13
Jan

Stop Predatory Patentees

   Posted by: dhcsoul   in Odds & Sods

Patent law’s requirement that a patent attorney be hired every time one becomes
aware of a patent that may relate to their activity is “irrational and
unjustifiably prejudicial,”
The Public Patent Foundation (“PUBPAT”) told the USA’s foremost patent court in a
case argued early February.


Growing increasingly concerned that “holders of wrongly issued patents
on aspects of e-commerce, software and business methods are using the
threat of receiving enhanced damages to extort royalties where none are
justified,” PUBAT decided it needed to act.

In their arguments to the court, PUBAT noted that in some cases
contingency fee attorneys send out patent notice letters to entire
industries, including small businesses, offering licenses for amounts
much less than the exposure the recipients face in litigation. Thye
note that such letters can be skillfully crafted to trigger the
recipient’s duty to avoid infringing the patent (exposing the recipient
to enhanced damages for willfulness), while not providing declaratory
judgment jurisdiction for the recipient to challenge the patent’s
validity. They call for an end to the practice in which  “Predator
Patentees Extort Small Businesses Which Cannot Afford to Challenge
Patent Validity”

Faced with the risk  of having to pay enhanced damages, many businesses
chose to pay royalties for patents that may very well not be valid or
infringed, solely because the royalties demanded are much less than the
cost of litigation, and often even less than the cost of an opinion.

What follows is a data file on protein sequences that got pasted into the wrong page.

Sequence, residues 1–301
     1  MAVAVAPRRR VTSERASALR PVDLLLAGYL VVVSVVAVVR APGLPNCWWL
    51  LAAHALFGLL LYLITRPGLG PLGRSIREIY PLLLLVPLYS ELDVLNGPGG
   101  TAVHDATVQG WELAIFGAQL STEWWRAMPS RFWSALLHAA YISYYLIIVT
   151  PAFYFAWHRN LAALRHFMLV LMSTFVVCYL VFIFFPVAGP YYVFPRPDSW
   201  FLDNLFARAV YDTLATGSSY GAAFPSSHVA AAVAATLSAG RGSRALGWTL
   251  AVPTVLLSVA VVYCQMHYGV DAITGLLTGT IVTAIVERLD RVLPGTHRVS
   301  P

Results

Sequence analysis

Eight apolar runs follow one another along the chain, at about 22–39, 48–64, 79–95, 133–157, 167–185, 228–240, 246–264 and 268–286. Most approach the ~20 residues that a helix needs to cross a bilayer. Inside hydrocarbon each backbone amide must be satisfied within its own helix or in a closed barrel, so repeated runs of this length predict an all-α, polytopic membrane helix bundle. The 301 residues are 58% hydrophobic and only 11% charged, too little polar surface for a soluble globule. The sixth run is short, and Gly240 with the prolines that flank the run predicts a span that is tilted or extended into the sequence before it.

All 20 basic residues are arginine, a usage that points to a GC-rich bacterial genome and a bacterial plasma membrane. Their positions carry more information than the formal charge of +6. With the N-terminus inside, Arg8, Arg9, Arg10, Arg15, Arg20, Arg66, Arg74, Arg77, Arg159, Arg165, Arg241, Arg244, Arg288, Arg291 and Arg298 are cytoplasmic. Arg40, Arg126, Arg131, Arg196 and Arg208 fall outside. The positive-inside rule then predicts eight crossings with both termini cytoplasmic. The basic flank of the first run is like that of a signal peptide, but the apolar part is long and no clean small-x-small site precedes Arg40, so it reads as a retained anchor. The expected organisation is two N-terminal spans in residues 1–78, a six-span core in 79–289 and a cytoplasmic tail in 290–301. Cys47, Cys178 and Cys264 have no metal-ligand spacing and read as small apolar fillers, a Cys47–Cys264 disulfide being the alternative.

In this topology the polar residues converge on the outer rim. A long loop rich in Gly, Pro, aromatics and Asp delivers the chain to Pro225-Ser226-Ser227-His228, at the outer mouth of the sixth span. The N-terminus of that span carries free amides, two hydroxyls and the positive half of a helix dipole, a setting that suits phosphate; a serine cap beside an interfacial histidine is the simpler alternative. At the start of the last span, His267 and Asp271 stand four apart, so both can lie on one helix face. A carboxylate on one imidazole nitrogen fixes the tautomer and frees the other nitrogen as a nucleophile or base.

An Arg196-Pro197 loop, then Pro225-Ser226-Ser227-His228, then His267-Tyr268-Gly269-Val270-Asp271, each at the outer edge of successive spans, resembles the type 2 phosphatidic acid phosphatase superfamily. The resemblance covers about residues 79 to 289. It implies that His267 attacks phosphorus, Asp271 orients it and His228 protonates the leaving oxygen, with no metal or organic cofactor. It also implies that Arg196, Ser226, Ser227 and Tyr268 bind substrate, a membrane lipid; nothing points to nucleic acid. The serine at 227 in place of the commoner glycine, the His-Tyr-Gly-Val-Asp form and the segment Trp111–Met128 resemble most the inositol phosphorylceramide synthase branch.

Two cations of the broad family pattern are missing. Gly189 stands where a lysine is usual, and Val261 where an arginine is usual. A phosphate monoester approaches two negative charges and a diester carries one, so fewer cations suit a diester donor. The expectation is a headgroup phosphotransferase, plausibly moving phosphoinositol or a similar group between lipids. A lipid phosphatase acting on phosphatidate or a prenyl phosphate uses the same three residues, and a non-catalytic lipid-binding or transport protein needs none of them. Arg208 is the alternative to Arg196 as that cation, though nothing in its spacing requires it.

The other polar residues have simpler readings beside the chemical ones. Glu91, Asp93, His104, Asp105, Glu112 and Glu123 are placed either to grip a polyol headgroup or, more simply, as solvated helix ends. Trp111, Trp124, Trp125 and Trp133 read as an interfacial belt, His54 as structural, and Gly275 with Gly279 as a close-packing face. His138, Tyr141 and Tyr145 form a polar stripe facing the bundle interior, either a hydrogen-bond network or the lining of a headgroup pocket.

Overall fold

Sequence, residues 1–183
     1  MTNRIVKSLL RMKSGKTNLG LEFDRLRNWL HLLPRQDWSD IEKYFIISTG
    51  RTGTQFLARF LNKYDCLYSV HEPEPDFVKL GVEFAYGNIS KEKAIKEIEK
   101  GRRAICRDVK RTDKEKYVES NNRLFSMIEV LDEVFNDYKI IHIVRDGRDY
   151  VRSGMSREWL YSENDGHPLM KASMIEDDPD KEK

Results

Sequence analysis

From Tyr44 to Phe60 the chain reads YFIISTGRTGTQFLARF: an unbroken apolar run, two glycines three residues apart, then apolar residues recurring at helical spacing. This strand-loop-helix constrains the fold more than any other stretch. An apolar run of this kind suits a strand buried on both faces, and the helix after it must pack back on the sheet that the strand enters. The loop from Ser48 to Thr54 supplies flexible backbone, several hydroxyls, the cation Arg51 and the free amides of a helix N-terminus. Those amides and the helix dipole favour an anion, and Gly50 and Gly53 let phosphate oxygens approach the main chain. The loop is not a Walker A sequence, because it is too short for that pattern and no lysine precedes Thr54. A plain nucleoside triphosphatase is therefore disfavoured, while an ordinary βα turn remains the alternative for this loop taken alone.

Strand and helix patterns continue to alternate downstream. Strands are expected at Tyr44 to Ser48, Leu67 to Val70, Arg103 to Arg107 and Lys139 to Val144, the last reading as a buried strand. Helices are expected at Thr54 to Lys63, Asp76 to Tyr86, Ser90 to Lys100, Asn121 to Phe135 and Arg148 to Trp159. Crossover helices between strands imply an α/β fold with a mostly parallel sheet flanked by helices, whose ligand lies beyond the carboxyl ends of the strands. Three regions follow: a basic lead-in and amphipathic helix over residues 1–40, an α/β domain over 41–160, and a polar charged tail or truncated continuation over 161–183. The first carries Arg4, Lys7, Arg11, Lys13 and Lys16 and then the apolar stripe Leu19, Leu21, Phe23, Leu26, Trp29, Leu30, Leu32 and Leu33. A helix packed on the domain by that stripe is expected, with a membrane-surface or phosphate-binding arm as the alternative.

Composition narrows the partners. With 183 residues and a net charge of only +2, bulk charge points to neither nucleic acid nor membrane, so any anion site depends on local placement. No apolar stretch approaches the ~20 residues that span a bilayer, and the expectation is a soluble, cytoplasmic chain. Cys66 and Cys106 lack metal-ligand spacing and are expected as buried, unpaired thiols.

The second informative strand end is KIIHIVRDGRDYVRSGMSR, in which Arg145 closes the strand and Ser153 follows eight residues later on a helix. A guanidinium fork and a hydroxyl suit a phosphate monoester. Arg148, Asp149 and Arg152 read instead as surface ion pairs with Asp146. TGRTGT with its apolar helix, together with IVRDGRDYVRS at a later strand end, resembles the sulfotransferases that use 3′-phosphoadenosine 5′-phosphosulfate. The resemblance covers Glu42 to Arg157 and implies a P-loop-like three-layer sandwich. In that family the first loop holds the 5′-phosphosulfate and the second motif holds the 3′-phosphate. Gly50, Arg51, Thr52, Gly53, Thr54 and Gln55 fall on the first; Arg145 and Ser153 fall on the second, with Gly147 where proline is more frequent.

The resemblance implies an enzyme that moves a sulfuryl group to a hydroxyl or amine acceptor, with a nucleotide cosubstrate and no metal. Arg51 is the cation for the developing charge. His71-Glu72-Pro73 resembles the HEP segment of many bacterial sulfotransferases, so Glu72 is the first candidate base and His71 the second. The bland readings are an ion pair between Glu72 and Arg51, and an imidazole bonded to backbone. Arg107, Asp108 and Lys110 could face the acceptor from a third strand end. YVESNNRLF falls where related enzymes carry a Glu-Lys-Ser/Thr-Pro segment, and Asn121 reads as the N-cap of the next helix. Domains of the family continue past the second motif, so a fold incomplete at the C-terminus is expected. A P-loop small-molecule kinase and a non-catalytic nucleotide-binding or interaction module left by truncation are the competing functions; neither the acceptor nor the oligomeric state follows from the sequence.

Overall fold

PUBAT is seeking a reversal of the “Underwater
Devices”
(
named for the 1983 case that established it)  finding which requires any person or business that becomes aware of any
patent to retain a patent attorney and seek a written opinion regarding whether
or not they infringe the patent.  Failing to do so leads a court to presume
infringement of the patent was willful and to impose a penalty three times
greater than for non-willful infringement.

PUBPAT argued that the Underwater Devices duty causes
two significant harms.

  1. it undermines the goal of patent law, to
    disseminate useful technical information, by encouraging scientists to avoid
    becoming aware of patents.
  2. it unfairly prejudices small businesses
    because the cost of seeking numerous patent opinions is a substantial financial
    burden (
    a written opinion
    regarding a single patent can cost up to $50,000 or more).

For more information Contact:

Daniel Ravicher, Executive Director, Public Patent Foundation:
917-843-3425; info@pubpat.org;
www.pubpat.org.

The Public Patent Foundation (“PUBPAT”) is a not-for-profit
legal services organization working to protect the public from the harms caused
by the patent system.  PUBPAT provides the general public, particularly those
persons or businesses otherwise deprived of access to the system governing
patents, with representation, advocacy, and education.  To be kept informed of
PUBPAT News, subscribe to the PUBPAT News List by sending an email with
“subscribe” in the subject line to news-request@pubpat.org.

.goto
originally Posted to cep.weblogger.com by David Soul on 2/17/04; 12:37:14 AM
in the IP section.


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Tags: CEP, intellectual property

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